Works Cited

Albritton, Robert. “Between Obesity and Hunger: The Capitalist Food Industry.” Food and Culture (Routledge, New York, NY, 2013), pp. 342-352

Benton, David. “The Biology and Psychology of Chocolate Craving.” Coffee, Tea, Chocolate, and the Brain (CRC Press LLC, Boca Raton, FL, 2004), pp. 205-218

Guthman, Julie. “Fast Food/Organic Food: Reflexive Tastes and the Making of Yuppie Chow.” Food and Culture (Routledge, New York, NY, 2013), pp. 496-509

Off, Carol. Bitter Chocolate the Dark Side of the World’s Most Seductive Sweet (The New Press, New York, NY, 2008)

Works Consulted

Geffner, Dana. “Cocoa Farming: The Key to Reversing Deforestation in West Africa.” Huffington Post, (Jan. 2018) Online.

Image and Video Credits

Chocolate Sign image:

Indulgence Chocolate image: friend took photo, 2018

“A Few Great Bakeries.” PBS video, August, 2015

Organic image:

“Cacao Organic Growing and Harvesting.” Navitas video, September, 2010

Fair Trade Certified logo image:

Omanhene chocolate bar image: friend took photo, 2018

Not-for-Profit class video: Nutella Advert, created by Emilie Thoreson on vimeo, 2015







The (R)evolution of Chocolate from Elite to an Everyday Comfort Food

luxury vintage adCacao was seen as an exotic, luxurious product, often being associated with the “luxury-loving” people of the hot lands of the Gulf Coast and the Maya lowlands from where it originated. The drinking of chocolate was limited to the Aztec elite, which consisted of lords, long-distance merchants, and warriors. The folks who led austere lives, such as priests, were not privy to chocolate beverages. The chocolate beverage was either drunk at the close of a meal or intermittently by the ruling class (Coe, 95). The association of drinking chocolate went hand-in-hand with high social standing (Presilla, 25). The Aztec royalty celebrated music, dance, and chocolate, and expressed it through poems. Chocolate was extremely important to them and so revered, that it was an essential part of their expression.

A couple of months ago, National Geographic released a rare Aztec map, known as the Codex Quetzalecatzin from 1500’s Mexico, which was acquired by the Library of Congress. It provides wonderful insight as to the relationship between the Mexican indigenous people and the arrival of the Spanish. It was during the Baroque age that cacao found its way in Baroque palaces and mansions of the wealthy and powerful. Though it had been an elite drink among the Mesoamericans, it continued with the overdressed royalty of Europe (Coe, 125). This included Baroque Spain. In fact, it was the Spanish who first married chocolate and sugar (Presilla, 25). It is no surprise since Spain was extremely wealthy and the production of sugar in the transatlantic slave trade made them even wealthier. This is how the story of cacao and chocolate went from a valuable commodity and an elite drink, respectively, to a relatively cheap product that is consumed by the large masses. Industrialization and the transatlantic slave trade played a pivotal role in chocolate’s evolution.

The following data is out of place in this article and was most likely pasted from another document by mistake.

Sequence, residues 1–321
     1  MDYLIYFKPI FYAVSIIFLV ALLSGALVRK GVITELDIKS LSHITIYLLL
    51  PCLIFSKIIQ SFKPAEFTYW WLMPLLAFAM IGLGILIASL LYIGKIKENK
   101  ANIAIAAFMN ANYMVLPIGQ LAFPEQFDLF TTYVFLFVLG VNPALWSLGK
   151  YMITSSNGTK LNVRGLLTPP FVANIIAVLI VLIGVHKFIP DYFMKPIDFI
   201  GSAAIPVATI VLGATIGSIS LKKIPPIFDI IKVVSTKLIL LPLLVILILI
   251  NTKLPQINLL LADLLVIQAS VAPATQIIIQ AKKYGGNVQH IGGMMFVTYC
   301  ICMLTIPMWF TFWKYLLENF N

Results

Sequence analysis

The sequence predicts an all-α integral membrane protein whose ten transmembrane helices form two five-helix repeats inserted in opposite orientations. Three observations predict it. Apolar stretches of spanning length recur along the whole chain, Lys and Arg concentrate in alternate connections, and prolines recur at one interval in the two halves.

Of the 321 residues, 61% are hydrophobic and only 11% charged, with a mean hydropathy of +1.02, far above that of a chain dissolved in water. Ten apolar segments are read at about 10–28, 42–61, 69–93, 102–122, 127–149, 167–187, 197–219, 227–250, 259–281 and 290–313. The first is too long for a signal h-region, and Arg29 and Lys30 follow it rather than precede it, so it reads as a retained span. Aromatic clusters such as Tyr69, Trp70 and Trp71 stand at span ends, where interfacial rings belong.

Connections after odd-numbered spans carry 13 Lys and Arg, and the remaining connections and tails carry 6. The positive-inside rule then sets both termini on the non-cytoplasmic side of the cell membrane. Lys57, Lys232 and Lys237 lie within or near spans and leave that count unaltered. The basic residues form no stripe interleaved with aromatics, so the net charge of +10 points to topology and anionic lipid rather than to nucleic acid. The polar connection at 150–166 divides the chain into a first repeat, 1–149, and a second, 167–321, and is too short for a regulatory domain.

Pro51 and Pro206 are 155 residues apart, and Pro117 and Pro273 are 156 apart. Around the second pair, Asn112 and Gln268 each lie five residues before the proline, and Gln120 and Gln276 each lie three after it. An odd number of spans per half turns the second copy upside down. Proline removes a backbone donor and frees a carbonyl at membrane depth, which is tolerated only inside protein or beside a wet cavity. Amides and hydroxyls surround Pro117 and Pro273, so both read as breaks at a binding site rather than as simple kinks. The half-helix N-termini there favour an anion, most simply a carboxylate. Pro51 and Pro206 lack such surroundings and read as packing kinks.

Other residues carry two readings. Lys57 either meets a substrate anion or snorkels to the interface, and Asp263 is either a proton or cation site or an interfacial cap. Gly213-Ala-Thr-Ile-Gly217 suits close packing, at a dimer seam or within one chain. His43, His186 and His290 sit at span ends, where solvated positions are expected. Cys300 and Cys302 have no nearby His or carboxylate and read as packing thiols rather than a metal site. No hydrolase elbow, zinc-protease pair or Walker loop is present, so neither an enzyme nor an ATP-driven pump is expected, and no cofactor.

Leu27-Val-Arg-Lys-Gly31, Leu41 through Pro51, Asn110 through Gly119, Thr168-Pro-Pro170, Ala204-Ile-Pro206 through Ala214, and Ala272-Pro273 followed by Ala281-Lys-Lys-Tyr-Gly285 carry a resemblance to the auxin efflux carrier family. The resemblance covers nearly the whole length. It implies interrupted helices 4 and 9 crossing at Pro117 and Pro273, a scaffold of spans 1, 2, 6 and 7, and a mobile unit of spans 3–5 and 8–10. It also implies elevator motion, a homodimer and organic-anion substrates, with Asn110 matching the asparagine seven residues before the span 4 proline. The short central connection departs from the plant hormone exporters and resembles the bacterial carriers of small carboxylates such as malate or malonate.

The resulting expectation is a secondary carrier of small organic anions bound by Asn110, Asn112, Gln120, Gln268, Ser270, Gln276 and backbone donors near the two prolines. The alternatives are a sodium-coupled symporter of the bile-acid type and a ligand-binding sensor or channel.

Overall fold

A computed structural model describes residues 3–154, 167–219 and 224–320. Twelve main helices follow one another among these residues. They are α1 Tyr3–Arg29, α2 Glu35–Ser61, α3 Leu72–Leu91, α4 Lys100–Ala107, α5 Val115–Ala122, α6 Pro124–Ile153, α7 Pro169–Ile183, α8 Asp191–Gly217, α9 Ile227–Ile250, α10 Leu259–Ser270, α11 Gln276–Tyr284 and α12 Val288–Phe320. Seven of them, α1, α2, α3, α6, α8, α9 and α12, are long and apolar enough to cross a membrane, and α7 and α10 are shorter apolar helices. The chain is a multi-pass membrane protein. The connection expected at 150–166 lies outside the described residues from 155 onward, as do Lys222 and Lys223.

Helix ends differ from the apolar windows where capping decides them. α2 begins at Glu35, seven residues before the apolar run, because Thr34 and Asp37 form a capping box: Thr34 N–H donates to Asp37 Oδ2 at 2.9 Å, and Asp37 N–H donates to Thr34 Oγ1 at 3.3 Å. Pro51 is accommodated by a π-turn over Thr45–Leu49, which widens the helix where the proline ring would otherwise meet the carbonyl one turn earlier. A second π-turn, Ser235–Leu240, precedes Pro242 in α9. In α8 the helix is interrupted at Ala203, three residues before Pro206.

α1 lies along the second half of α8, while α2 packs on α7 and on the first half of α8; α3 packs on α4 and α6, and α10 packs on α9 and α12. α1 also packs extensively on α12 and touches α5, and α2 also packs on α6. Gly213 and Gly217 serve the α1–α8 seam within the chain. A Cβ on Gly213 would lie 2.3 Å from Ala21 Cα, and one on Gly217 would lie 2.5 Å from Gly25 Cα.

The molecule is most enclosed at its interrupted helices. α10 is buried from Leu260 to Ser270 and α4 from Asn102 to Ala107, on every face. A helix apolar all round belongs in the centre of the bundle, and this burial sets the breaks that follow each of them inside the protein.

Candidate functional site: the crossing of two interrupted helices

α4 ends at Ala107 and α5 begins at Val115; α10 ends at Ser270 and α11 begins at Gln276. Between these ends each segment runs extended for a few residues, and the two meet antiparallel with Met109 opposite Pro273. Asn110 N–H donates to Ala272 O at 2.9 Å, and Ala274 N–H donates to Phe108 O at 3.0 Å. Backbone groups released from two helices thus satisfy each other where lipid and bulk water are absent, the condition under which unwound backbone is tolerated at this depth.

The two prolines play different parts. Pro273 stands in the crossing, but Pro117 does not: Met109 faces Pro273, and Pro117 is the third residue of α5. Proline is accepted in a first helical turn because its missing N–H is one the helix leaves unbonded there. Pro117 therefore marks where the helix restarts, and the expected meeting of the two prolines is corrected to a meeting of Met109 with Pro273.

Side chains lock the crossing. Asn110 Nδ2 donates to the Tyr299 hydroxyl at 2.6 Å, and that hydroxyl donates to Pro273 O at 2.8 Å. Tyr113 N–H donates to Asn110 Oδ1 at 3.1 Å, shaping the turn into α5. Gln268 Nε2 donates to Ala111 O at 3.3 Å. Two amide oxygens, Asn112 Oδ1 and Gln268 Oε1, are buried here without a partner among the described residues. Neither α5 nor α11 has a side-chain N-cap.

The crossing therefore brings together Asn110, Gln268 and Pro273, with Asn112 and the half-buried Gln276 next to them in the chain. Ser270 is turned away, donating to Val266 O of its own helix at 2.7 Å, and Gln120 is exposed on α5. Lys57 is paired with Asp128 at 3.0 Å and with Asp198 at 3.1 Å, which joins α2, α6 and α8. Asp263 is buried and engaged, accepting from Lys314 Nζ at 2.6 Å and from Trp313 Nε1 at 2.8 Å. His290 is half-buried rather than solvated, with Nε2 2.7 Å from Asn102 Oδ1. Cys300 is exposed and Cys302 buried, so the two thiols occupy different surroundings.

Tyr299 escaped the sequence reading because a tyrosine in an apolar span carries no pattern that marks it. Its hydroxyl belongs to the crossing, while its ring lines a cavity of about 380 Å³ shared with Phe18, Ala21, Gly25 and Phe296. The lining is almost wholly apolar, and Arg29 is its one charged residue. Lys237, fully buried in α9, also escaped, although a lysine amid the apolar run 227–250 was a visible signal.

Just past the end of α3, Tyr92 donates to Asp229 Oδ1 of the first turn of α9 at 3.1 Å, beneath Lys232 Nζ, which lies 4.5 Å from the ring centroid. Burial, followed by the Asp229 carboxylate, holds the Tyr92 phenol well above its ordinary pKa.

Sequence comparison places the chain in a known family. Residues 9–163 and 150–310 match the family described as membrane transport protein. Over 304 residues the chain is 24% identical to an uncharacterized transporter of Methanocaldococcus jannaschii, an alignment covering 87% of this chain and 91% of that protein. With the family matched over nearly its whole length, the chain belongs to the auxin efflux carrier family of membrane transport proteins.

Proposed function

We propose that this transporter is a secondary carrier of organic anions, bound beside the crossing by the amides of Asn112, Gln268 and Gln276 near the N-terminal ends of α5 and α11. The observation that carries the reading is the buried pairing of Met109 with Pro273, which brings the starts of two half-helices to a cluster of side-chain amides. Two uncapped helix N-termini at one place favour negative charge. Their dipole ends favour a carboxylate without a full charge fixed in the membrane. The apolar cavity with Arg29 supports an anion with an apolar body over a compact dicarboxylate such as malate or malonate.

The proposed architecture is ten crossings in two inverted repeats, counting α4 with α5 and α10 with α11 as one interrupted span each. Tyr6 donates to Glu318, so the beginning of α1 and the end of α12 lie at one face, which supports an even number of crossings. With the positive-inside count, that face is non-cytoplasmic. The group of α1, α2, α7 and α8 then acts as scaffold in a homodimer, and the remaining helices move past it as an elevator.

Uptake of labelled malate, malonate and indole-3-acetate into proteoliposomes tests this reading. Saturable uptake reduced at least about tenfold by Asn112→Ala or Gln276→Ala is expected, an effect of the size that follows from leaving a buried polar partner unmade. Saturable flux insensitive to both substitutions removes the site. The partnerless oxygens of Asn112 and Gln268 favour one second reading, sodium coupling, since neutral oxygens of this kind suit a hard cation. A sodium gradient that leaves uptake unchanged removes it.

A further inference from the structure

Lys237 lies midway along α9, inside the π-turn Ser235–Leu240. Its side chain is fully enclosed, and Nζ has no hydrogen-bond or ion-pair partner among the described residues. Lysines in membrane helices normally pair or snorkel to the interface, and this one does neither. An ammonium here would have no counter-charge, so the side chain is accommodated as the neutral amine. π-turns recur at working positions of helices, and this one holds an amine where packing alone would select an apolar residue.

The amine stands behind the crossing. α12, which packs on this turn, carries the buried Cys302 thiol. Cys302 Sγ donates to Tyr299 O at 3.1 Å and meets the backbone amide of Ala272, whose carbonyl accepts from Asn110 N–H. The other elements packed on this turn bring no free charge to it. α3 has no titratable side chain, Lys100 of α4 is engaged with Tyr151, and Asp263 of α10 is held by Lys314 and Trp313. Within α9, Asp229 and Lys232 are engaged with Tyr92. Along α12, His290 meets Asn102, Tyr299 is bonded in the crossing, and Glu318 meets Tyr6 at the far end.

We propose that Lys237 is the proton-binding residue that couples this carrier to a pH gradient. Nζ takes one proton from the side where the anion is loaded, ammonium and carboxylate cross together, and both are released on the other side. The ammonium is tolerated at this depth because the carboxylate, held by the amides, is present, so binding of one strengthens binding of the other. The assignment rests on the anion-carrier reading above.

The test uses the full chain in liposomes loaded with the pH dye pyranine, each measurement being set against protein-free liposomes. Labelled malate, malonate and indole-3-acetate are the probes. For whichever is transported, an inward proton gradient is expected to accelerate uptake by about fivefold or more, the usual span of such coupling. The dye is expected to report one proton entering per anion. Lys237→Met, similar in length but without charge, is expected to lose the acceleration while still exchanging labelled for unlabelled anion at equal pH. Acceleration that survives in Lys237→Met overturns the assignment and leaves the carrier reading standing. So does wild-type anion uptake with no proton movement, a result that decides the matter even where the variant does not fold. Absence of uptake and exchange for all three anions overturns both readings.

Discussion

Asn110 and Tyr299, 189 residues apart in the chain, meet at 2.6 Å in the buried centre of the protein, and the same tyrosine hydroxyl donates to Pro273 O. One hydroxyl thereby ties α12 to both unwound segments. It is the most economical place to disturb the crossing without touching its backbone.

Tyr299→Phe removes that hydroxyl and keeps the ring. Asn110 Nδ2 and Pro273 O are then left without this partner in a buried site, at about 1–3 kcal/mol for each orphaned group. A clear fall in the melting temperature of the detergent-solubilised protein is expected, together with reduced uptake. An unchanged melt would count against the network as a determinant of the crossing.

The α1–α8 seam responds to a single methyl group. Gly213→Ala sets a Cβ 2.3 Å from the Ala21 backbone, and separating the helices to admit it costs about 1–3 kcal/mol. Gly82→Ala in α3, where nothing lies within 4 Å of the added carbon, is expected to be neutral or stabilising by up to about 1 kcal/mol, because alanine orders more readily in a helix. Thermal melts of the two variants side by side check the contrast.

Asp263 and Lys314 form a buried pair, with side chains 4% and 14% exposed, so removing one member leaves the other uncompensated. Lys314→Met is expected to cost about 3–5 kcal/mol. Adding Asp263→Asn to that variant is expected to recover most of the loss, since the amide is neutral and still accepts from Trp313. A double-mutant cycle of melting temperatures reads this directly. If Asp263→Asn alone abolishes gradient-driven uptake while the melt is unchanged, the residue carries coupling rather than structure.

Chocolate on its own was not palatable but sugar changed that. The increased production of sugar is what fueled the transatlantic slave trade. In the West Indies, sugar was being produced at such a large scale, by the influx of slaves brought to work rigorously on sugar plantations in the Caribbean and Central America, even to the detriment of their health. For many of the colonizers, the well-being of the slaves were the least of their concerns since they could just bring in more slaves. The demand for sugar by the Europeans and the money to be made was just too great to care about any human rights since in their eyes, slaves were less than human, they were property. An example of a mill that was used in the production of sugar by the colonizers is still standing to this day in Aguada, Puerto Rico. I visited it in person last year and it is quite a scary site, not just because of its run-down condition but moreover because one can almost feel the horrific conditions that the workers underwent in the mill.